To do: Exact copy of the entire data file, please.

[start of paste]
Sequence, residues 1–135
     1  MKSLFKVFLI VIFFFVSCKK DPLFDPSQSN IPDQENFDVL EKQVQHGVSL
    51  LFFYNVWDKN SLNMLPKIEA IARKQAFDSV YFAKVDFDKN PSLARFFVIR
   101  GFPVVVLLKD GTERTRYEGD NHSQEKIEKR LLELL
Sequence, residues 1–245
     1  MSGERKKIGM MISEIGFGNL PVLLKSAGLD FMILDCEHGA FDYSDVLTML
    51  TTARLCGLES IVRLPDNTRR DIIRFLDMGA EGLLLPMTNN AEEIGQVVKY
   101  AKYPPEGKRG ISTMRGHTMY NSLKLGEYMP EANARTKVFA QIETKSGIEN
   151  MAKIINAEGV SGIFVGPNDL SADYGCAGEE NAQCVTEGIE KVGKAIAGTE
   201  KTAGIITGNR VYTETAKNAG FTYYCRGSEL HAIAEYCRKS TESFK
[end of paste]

Sequence, residues 1–135
     1  MKSLFKVFLI VIFFFVSCKK DPLFDPSQSN IPDQENFDVL EKQVQHGVSL
    51  LFFYNVWDKN SLNMLPKIEA IARKQAFDSV YFAKVDFDKN PSLARFFVIR
   101  GFPVVVLLKD GTERTRYEGD NHSQEKIEKR LLELL
Sequence, residues 1–245
     1  MSGERKKIGM MISEIGFGNL PVLLKSAGLD FMILDCEHGA FDYSDVLTML
    51  TTARLCGLES IVRLPDNTRR DIIRFLDMGA EGLLLPMTNN AEEIGQVVKY
   101  AKYPPEGKRG ISTMRGHTMY NSLKLGEYMP EANARTKVFA QIETKSGIEN
   151  MAKIINAEGV SGIFVGPNDL SADYGCAGEE NAQCVTEGIE KVGKAIAGTE
   201  KTAGIITGNR VYTETAKNAG FTYYCRGSEL HAIAEYCRKS TESFK